Appendicitis can sometimes be quite tricky to pinpoint. What do you do when a patient presents with acute abdominal pain? Whip out your ultrasound probe and go digging! By the end of this video, you'll be able to look at an ultrasound image and distinguish between a normal appendix and an inflamed one so that you can quickly identify and treat a case of appendicitis.
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Learn how to perform your own abdominal ultrasounds and interpret your findings with our Abdominal Ultrasound Essentials course. Dr Nikolaus Mayr–the Chief Resident of Radiology at the Hospital of the Brothers of St. John of God in Salzburg–will guide you through the essentials of abdominal sonography.
[00:00:00] Appendicitis is inflammation of the vermiform appendix. It's a very common condition and it's one of the main reasons for abdominal surgery in young patients. Acute appendicitis is typically a disease of children and young adults with a peak incidence in the second and third decades of life. The classical presentation consists of periumbilical pain, which within a day or more can move to the right hypogastrium. It is associated with fever, nausea, and vomiting.
[00:00:30] It also relies on the appendix being in the normal position, which is not the case in the significant number of cases. Be aware that small children can present with nonspecific vague symptoms. Also, choose ultrasound as your first choice of imaging when trying to rule out appendicitis in young patients. We want to avoid using ionizing radiation whenever possible. With a competent user, ultrasound is reliable at identifying abnormal appendices, especially infant patients.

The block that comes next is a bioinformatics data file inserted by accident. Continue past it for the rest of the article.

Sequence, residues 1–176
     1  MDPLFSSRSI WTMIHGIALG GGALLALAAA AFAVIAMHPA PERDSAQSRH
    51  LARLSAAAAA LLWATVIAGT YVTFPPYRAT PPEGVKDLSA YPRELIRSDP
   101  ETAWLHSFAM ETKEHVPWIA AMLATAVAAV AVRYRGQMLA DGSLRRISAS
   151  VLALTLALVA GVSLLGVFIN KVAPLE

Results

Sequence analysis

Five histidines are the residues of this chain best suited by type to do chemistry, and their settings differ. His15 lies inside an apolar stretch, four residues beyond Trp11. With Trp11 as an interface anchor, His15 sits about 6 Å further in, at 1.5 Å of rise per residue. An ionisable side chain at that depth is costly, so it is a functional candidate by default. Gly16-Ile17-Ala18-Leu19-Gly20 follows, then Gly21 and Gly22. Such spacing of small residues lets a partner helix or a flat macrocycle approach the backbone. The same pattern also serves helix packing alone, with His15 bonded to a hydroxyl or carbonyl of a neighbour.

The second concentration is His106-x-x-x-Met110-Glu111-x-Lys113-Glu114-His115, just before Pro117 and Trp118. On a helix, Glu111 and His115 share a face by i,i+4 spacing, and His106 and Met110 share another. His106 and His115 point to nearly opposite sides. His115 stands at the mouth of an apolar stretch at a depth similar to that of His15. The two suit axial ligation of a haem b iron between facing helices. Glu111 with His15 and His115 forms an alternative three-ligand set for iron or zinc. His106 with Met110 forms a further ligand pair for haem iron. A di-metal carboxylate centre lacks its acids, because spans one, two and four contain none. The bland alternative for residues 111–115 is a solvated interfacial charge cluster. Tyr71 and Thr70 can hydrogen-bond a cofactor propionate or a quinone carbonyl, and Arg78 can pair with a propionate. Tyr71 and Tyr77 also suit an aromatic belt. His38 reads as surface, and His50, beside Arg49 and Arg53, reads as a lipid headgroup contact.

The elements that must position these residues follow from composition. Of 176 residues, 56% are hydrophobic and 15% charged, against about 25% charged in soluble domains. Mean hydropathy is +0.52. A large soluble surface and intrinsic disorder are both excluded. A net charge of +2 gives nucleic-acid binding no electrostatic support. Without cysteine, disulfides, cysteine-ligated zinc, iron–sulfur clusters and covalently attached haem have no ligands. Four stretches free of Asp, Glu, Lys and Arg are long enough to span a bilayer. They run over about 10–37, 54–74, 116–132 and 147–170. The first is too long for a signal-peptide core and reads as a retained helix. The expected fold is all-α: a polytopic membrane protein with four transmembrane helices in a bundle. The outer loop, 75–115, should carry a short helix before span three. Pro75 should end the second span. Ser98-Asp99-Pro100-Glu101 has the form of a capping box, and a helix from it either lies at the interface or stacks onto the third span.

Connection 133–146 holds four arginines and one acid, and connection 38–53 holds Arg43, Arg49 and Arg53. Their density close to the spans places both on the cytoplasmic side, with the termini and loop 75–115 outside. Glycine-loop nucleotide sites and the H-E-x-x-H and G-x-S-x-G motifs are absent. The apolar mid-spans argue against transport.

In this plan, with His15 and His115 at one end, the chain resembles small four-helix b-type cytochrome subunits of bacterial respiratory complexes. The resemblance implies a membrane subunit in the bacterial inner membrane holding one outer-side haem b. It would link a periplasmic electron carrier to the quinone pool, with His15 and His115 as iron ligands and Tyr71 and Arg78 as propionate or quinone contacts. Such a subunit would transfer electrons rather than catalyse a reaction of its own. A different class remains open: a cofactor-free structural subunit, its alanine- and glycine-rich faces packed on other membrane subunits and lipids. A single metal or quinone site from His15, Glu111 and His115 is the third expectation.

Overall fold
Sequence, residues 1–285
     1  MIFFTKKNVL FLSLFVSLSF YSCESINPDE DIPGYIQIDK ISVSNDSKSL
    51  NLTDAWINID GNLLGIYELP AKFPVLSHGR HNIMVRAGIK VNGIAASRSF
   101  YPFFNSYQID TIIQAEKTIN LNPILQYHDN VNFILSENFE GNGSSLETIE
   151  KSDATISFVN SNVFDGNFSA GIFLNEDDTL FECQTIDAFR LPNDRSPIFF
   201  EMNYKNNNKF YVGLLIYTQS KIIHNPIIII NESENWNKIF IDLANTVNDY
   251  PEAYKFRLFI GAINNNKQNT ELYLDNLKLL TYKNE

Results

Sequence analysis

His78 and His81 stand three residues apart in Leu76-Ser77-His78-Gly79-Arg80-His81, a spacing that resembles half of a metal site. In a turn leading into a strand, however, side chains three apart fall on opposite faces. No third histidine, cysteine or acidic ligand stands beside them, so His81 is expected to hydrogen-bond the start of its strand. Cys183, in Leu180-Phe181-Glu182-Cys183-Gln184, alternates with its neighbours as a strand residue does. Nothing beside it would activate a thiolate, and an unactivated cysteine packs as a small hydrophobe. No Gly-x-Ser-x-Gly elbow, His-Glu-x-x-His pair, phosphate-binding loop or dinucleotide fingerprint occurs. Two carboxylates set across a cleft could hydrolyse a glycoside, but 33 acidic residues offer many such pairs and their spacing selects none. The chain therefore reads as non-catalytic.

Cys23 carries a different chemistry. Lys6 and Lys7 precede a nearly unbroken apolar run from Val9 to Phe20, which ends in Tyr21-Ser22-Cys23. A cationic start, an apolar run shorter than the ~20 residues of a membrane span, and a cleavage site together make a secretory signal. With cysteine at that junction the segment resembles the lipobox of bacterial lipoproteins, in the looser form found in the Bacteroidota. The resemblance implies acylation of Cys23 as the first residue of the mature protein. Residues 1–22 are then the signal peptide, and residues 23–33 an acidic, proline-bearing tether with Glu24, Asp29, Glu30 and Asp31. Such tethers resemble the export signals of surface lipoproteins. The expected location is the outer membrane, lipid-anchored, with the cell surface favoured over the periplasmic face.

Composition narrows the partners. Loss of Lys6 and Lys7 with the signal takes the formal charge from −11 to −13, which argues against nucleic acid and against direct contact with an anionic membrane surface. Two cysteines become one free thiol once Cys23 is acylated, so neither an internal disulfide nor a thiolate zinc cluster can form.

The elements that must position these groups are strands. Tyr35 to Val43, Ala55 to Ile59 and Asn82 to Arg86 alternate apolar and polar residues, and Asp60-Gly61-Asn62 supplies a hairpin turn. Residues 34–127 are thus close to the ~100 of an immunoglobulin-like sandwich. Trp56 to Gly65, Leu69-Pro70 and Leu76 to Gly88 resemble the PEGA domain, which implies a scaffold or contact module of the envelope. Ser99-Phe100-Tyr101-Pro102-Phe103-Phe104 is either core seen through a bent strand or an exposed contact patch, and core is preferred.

[00:01:00] However, the identification of a normal appendix is much more difficult. In normal appendix, there's a subtle wall and a small diameter under six millimeters. It's also a mobile structure and can shift under pressure from a probe. When the appendix is inflamed, it becomes stylated and attaches itself to the other abdominal structures. The surrounding fat structures show stranding, pinpointing the pathology, pointing you directly toward the inflamed appendix.
[00:01:30] This is a video that will show us the approach to finding the appendix. We need the cecal pole, here, in the right hypogastric region. We need the terminal ileum, here, entering at the valve of Bauhin. And then we will look in this corner, to see if there is another structure that looks like a terminal ileum, entering here. This is the appendix in long section. You can see the typical walling of the appendix. You can also see that this appendix is definitely
[00:02:00] below six millimeters in diameter. Now, we will follow the appendix in its full length to find the appendix pole. This is important, as the inflammation of the appendix can also sit only at the pole and the rest can be normal. The end of the appendix is right here. So, this is the appendix in its full length.
[00:02:30] In this video, we see what appendicitis looks like. You see the cecal pole here. We see that there is a hyperechoic round structure leaving the cecal pole and a dilated tube-like structure ending here. This is the inflamed dilated appendix. You can also see that the fat structures around here are stranding and when we measure the appendix,
[00:03:00] it has 12 millimeters. Now, we go into a long section over the cecal pole and we see the dilated appendix coming out, here and moving behind the cecal pole, here. This is the typical presentation of appendicitis.